Distrust of the mail system
Election officials can either alleviate or exacerbate the problem, depending on how they implement their postal voting system. It is essential for voters, including those who do not have access to the Internet or a printer, to request a ballot, say supporters, as well as giving them several options for returning it.
“There is a lot of mistrust in the messaging system,” said Mindy Romero, a professor at the University of Southern California. His research and that of others shows that voters of color, at higher rates than white voters, cite a lack of confidence in the postal service as a reason why they do not vote by mail.
In California, where Latinos are underrepresented among mail voting users, some voters prefer to appear in person to submit their ballot by mail because they have questions about the process, fear it may be too much late or otherwise worry about the postal service, said Romero.
With regard to the process of sending ballots to voters, Georgia has been criticized for its intention to mail ballots only to registered voters on the “active” list. Among inactive voters – that is, voters who have not voted or responded to election mail in the past five years – who have not received postal ballots, 40% are not white , reports the Washington Post.
“There are ways to improve this”
Another concern is what happens to ballots once they have been received by election officials. In some places, minority voters are more likely to have their ballots rejected for problems such as mismatching of signatures or errors in the way they are filled out.
A study commissioned by the ACLU ballot rejections in Florida, where about one-third of the population uses postal voting, have found notable racial disparities in rejection rates.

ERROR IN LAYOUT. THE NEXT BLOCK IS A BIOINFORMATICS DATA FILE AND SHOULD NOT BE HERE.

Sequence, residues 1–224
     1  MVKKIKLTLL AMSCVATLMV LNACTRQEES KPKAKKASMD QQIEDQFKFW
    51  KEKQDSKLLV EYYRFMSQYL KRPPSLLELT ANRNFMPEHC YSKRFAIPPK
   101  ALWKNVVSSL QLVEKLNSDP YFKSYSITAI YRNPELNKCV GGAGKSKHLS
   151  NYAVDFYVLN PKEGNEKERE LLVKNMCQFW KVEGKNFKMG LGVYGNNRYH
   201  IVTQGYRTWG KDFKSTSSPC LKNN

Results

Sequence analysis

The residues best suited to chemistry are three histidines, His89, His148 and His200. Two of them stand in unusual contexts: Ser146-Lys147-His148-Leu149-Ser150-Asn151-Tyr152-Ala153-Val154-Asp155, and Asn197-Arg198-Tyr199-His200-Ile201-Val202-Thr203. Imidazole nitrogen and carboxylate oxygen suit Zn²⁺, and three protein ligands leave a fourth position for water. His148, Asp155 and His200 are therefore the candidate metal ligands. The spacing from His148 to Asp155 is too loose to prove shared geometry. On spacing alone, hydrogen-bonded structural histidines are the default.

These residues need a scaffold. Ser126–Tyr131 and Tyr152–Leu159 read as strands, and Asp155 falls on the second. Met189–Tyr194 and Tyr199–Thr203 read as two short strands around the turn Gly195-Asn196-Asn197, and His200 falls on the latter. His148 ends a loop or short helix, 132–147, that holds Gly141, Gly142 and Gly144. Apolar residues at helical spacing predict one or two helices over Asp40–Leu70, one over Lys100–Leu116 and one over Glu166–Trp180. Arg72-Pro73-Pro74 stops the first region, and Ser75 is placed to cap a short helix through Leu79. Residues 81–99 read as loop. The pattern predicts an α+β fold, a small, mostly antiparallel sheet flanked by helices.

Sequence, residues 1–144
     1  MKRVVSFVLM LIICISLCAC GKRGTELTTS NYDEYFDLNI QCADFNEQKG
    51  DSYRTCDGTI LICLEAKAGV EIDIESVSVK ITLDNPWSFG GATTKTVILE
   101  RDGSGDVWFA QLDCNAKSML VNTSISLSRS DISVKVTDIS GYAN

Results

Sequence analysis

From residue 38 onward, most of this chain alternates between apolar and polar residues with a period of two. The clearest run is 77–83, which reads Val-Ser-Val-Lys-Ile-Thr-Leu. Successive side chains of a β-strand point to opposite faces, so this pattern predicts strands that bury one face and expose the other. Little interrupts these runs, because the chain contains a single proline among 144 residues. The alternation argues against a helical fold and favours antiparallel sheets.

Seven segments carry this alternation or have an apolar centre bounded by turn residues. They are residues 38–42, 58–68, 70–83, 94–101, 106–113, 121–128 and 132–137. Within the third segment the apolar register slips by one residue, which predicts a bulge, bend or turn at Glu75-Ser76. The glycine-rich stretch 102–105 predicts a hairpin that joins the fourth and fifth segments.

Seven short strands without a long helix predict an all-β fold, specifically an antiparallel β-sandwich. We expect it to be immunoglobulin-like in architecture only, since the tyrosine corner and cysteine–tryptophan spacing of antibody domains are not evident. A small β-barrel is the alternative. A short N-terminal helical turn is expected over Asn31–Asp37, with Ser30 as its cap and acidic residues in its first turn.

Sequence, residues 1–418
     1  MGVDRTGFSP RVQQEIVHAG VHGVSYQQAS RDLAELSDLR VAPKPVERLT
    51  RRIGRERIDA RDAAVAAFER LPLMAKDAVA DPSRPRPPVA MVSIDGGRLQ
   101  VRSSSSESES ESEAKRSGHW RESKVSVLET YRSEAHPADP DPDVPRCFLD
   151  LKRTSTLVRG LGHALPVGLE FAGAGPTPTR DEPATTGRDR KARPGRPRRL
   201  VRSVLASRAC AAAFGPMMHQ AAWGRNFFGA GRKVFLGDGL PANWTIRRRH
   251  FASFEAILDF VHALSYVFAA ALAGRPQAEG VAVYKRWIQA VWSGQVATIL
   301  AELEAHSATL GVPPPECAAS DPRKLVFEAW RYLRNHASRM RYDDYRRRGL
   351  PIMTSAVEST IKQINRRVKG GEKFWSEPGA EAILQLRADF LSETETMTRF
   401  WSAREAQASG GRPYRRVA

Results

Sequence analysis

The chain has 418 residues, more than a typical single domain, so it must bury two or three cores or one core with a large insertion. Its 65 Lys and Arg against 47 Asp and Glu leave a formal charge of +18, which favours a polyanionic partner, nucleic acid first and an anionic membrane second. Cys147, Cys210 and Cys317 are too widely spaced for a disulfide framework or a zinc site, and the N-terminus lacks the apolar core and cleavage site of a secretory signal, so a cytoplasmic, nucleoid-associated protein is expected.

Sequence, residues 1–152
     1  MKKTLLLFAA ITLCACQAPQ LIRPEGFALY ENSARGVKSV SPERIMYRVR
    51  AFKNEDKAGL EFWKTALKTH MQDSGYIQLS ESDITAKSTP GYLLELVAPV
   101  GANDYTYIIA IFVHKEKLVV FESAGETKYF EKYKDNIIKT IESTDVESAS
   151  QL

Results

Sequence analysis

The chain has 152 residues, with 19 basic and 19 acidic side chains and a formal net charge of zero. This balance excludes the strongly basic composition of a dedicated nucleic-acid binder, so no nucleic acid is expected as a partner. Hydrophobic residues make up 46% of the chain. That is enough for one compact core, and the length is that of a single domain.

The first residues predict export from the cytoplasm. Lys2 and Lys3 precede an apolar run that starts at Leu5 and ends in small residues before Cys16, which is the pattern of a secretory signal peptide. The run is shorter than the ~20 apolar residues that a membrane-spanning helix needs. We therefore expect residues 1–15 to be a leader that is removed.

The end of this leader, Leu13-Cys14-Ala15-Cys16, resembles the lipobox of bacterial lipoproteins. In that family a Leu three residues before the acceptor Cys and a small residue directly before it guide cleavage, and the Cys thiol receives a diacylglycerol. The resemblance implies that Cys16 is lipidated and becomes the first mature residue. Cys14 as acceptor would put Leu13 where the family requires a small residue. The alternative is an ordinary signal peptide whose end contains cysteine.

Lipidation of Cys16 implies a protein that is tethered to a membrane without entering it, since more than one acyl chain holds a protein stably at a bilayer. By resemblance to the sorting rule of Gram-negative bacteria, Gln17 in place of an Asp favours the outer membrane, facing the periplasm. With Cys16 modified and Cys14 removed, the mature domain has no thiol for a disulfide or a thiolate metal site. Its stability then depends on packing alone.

“In 2016, VBM ballots cast by black, Hispanic and other racial and ethnic minorities were more than two and a half times more likely to be rejected than VBM ballots cast by absent white voters,” the study found, who also found age disparities, said.
The study’s author, Professor Dan Smith of the University of Florida, told the TPM that the level of racial disparities varies from county to county, and in some counties these disparities are virtually non-existent.
This suggests to him that the disparities are the result of differences in the way each county implements its postal voting programs, rather than the fault of the voters themselves.
This problem has also arisen anecdotally in Georgia, where Gwinnett County – a majority minority county – was the subject of litigation in 2018 over ballot rejection practices which produced a considerably rejection rate higher than in neighboring counties. According to the Lawyers’ Committee on Civil Rights Under the Law, 15 percent of the postal ballots submitted by Asian voters and 8 percent by black voters were rejected by the county, compared with 2.5 percent of the ballots submitted by white voters.
A judge has ordered the county to relax some of the protocols that caused increased rejections, and lawyers are asking officials to more broadly introduce practices that give absent voters the opportunity to resolve problems on their ballots.
“There are ways to improve this,” said Ezra Rosenberg, a lawyer with the Lawyers ‘Committee, involved in the Gwinnett County litigation. “The most important thing is to remove unnecessary barriers to mail voting. “